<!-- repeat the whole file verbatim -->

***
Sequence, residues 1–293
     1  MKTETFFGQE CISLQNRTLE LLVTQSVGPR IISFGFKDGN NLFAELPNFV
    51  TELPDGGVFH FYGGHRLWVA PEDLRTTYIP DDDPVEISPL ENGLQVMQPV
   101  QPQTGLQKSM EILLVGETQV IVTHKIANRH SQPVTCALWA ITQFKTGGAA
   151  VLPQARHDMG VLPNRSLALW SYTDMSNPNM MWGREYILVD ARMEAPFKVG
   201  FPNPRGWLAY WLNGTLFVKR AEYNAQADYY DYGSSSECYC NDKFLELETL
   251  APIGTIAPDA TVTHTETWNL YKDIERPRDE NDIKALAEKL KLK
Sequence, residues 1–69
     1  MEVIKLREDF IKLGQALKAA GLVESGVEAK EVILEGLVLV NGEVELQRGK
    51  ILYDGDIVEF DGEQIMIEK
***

Sequence, residues 1–293
     1  MKTETFFGQE CISLQNRTLE LLVTQSVGPR IISFGFKDGN NLFAELPNFV
    51  TELPDGGVFH FYGGHRLWVA PEDLRTTYIP DDDPVEISPL ENGLQVMQPV
   101  QPQTGLQKSM EILLVGETQV IVTHKIANRH SQPVTCALWA ITQFKTGGAA
   151  VLPQARHDMG VLPNRSLALW SYTDMSNPNM MWGREYILVD ARMEAPFKVG
   201  FPNPRGWLAY WLNGTLFVKR AEYNAQADYY DYGSSSECYC NDKFLELETL
   251  APIGTIAPDA TVTHTETWNL YKDIERPRDE NDIKALAEKL KLK
Sequence, residues 1–69
     1  MEVIKLREDF IKLGQALKAA GLVESGVEAK EVILEGLVLV NGEVELQRGK
    51  ILYDGDIVEF DGEQIMIEK